It wasn't close, after all (Philippine Star)

TOKYO The vote was 14-7 for China over the Philippines as the FIBA Central Board settled the issue on which country will host the 2019 FIBA World Cup after the bidders made their audio-visual presentations to support their cause and were subjected to a closed-door, question-and-answer session at the Prince Park Tower Hotel here last Friday.

There were two postponements on the announcement of the decision, fueling speculation of protracted deliberations and a close vote. But when the result was disclosed by FIBA, it wasn’t tight after all. FIBA president Horacio Muratore of Argentina said it was “a very difficult decision” in a diplomatic, if not political, statement. The disparity in the vote didn’t indicate a close call. The Central Board heard what it wanted to hear from the Chinese delegation, a promise to put the country’s vast resources at the FIBA’s disposal and that was the clincher.

SBP president Manny V. Pangilinan, who was at the forefront of the Philippine bid, said there was no hint whatsoever of the Central Board’s leanings when he was brought to the closed-door session with Foreign Affairs Secretary Albert del Rosario, Tourism Secretary Ramon Jimenez, Sen. Sonny Angara and Octagon Asia-Pacific president Sean Nicholls. The grilling took about 40 minutes as Central Board members took turns in firing questions which were more clarificatory than anything else. New Zealand’s Burton Shipley, head of the FIBA evaluation commission, ended the session by congratulating the Philippine panel for submitting an excellent bid.

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At a press conference before the audio-visuals, Pangilinan said for Filipinos, the World Cup isn’t just a sporting event it’s also a media showcase. He said 10 million overseas Filipinos are the country’s ambassadors of basketball and the Philippines would be ready to turn the World Cup into a global event with a memorable and exceptional experience. Pangilinan mentioned that the hashtag #Puso2019 trended world-wide with over 2 billion impressions in three months and shot to No. 1 as D-Day came. “It’s been a long journey for the Philippines and with our country coming of age, we want to prove to the world that we’re not a one-hit wonder,” he said.

Fil-Am celebrity Lou Diamond Phillips said the Philippines would’ve been prepared to deliver a flawless World Cup with the unique attraction of assembling the greatest, most connected basketball fans on the planet in a perfect environment that is authentic and isn’t manufactured. He conjured visions of a “magical atmosphere in packed arenas with a spirit that unites us in a divided world.” Phillips spoke of “one nation, one heart, one incredible party” and said the Filipinos’ creativity, connectivity and knowhow would bring out the best World Cup ever. He described the Philippines as an emerging powerhouse in Asia and that was born to host the event.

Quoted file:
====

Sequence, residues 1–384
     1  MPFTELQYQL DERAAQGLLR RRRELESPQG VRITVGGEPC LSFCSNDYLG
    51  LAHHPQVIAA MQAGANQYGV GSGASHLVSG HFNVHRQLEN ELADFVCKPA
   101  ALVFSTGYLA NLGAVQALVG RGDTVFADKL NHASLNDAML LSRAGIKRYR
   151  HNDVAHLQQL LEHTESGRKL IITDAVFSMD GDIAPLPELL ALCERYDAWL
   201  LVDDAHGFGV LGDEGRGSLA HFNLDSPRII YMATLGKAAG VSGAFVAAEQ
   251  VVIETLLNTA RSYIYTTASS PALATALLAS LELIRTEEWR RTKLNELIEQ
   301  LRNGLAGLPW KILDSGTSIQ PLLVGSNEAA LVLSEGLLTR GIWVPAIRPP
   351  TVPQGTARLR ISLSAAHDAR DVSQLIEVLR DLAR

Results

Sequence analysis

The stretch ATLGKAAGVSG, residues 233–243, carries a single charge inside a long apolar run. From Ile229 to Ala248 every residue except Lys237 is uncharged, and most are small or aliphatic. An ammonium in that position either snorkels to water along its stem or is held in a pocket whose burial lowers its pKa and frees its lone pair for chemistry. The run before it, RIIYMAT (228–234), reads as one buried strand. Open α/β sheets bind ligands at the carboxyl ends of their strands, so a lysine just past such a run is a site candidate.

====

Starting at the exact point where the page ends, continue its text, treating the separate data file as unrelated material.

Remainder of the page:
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The audio-visual delved on “planning big, thinking big” with a nation that is connected, efficient, secure and smart. Former Gilas skipper Jimmy Alapag said he’s not much taller than 5-7 actor Al Pacino but as a basketball player, it meant playing with his heart and his head. The insinuation was a country like the Philippines may be dwarfed by a giant like China in size but when it comes to heart and head, it’s a different story.

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Playing a cameo role in the audio-visual was PBA star Willie Miller’s son Andre who appeared as a young boy with aspirations of someday playing in the big leagues. The presentation mentioned that 80 percent of Filipino sports fans consider themselves to be serious basketball fans and that 96 percent of Filipinos support the bid. Rep. Manny Pacquiao was also on video, citing the power of the Filipino fan and inviting FIBA to witness that power at the World Cup.

TV5 Sports head and five-time PBA Coach of the Year Chot Reyes said basketball is a unifying force in the country. “We are a nation united by one dream, one shared passion with a real love that can’t be manufactured,” he said. “We want to take the World Cup to an unprecedented scale, creating an incredible atmosphere for players, sponsors and media. We want to set a new benchmark in fan engagement. Basketball will never be the same again. Bring basketball home, our home.”

The words fell on the Central Board’s deaf ears. While the Philippines attempted to take its bid to another level, FIBA stuck to the traditional dollars-and-cents approach. The Philippine bid had a social component in focusing on youth engagement while China ignored that responsibility. When it came down to brass tacks, FIBA didn’t take a chance on the Philippines because China offered so much more in terms of infrastructure, facilities and resources regardless of media restrictions.

It would’ve been a triumph for developing countries, the Davids of the world, if FIBA gave the Philippines a chance to live a dream and prove its ability to stage a global event. China has hosted so many major sporting events, like the Olympics, that missing out on the World Cup wouldn’t have been a big deal for the Goliath. This was an opportunity for FIBA to recognize the unbridled love of a country for the sport and transcend the usual parameters of deciding the deserving bid. Instead, FIBA chose to swim with the tide and not create its own waves.

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